I absolutely loved my student teaching experiences. I have been in the field of education for 13 years and still those student teaching placements prepared me more than anything else I have ever done in my career. Although intern programs can be great programs, it was nice to know that I got to focus on bettering myself as a teacher instead of all the other worries that go into running your own classroom for a year. I was able to reflect more on how I could do things better and I had my master teachers there most of the time (I subbed for them when they were out for a day two here and there) to model for me, and evaluate my teaching practices, so that I could focus on being a better teacher.
    I struggled with this decision as well and in the end, I am so glad that I went the student teaching route. It was a hardship for me financially, but it was worth it. I just got my first teaching job and I start on Monday. I am so excited and I feel really prepared to start this new school year.
     
  13. teacherintexas

    teacherintexas Maven

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    I have been the mentor for three interns.

    Two of them shouldn't have been let loose in a classroom without student teaching. They both showed up for the first time when teachers reported back and then had a great deal of trouble being ready for those first yellow buses. They weren't slackers but really had no idea what was expected of them. Those two years were very stressful for me since I had to spend a lot of time teaching them very basic things during my planning period.

    The third intern was a retired Marine who was much older than I was but actually listened to my suggestions and had a very good first year. I would have put my child into his class had I had one in that grade. Even though he was a good first year teacher, he often said to me that he wished he had had a chance to do student teaching.
     
  14. srh

    srh Devotee

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    Jun 28, 2007

    That was great to share, Teacherintexas. And your experience is what I have imagined it is probably like for interns...unless you have gobs of "non-school" experience somehow (community work, church activities, etc.), it HAS to be a difficult transition. And even with that outside experience, it is still just a different world in a classroom. People SO underestimate the responsibilities and hard work it takes to teach.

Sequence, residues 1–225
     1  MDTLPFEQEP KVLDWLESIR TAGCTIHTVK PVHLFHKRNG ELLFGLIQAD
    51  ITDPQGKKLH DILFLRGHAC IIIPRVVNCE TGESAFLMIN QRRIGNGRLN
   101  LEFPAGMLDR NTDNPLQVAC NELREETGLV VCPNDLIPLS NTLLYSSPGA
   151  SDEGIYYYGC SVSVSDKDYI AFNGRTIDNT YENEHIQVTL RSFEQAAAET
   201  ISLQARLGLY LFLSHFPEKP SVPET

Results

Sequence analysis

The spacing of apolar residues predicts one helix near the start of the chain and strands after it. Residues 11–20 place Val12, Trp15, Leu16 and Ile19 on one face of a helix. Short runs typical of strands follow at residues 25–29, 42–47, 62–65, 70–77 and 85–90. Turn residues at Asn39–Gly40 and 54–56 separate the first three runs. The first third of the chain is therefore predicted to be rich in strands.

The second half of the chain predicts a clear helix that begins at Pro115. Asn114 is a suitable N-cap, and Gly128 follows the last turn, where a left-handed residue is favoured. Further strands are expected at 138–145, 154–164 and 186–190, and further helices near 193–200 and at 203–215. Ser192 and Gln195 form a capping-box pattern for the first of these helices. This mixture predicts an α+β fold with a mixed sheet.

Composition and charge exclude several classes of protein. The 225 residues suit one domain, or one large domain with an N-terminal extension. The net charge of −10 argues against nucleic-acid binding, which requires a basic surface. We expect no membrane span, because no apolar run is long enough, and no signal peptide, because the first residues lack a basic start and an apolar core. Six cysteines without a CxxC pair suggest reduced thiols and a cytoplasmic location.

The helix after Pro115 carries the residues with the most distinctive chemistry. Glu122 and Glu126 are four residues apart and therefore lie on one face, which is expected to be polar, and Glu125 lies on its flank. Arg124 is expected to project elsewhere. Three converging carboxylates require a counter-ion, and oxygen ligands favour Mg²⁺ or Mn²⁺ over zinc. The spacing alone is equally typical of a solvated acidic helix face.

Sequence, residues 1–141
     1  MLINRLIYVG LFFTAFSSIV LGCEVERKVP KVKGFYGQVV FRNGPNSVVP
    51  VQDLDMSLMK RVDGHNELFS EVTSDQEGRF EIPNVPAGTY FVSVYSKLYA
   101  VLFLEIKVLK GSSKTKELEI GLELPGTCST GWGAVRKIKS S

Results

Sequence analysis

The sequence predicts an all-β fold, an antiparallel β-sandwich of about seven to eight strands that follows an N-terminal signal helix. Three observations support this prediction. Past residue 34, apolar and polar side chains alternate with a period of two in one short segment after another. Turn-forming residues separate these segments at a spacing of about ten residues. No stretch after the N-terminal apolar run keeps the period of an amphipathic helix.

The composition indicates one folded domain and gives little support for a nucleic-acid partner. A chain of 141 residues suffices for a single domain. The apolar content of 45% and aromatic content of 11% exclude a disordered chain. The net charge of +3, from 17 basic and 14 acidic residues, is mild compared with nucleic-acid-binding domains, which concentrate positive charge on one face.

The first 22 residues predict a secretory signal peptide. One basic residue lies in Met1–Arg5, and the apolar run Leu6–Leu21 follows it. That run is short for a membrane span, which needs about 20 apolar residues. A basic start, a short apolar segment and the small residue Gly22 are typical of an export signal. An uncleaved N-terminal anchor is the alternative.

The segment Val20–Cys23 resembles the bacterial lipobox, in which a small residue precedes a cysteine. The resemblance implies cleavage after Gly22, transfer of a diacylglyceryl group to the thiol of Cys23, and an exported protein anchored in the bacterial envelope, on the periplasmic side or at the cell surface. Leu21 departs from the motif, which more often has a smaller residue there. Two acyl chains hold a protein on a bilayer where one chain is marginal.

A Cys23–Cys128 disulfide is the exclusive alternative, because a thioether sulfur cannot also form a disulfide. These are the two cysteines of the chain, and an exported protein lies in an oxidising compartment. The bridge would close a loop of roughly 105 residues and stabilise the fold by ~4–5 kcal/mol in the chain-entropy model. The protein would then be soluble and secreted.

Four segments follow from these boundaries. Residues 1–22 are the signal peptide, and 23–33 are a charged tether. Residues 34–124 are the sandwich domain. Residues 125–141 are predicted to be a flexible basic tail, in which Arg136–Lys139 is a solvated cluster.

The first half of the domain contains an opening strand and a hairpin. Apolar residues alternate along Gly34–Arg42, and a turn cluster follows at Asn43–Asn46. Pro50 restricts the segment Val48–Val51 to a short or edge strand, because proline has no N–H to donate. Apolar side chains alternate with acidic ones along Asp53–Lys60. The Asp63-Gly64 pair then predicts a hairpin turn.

Thanks for the voice of logic! And I'm glad one of your three seemed to manage and do a great job. (Do you think it was his age or his background in the military that helped the most?)
     
  15. teacherintexas

    teacherintexas Maven

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    I think his age and military background both helped. He was very contentious which I think was probably his age and the fact that he had raised three kids, and he was very organized which was either his natural tendency or the the military had "made" that a natural tendency. I think he was the best one of the three just because he wanted to learn from me and all the other teachers on my campus, and didn't have a know it all attitude. I was just a few years older than one of his daughters but he would come ask me questions after school about how to make a lesson he had done that day better.

    The other two were very passionate about teaching. They wanted to do well and change the world one kid at a time, but just didn't seem to get their passion translated into the day to day teaching. They both had great ideas, but usually were too big and elaborate to really work in a class.
     
  16. hdmeza

    hdmeza Companion

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    Jun 28, 2007

    Let me say that not everyone who is ACP doesn't know what they are doing.

    I am about to begin my "internship" in August, but I have already attended many classes, taken content exams, and gotten pushed tot he end of every hiring line.

    An Administrator will not hire an ACP person if they do not meet federal guidelines and district guidleines.

    I have been teahing inprivate schools for over 4 yrs, so have many of my classmates.

    Please do not assume that we all don't have a clue.

    And as far has having my child removed from a class, that would be the last thing on my mind, I am relieved to have learned how to teach, develop my own content and assessment, not just use the Te's like our area colleges teach in Ed classes!!!

    Anybody can be a great, good, of poor teacher, It is the person, not the program!!!!!!
     
  17. srh

    srh Devotee

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    Jun 28, 2007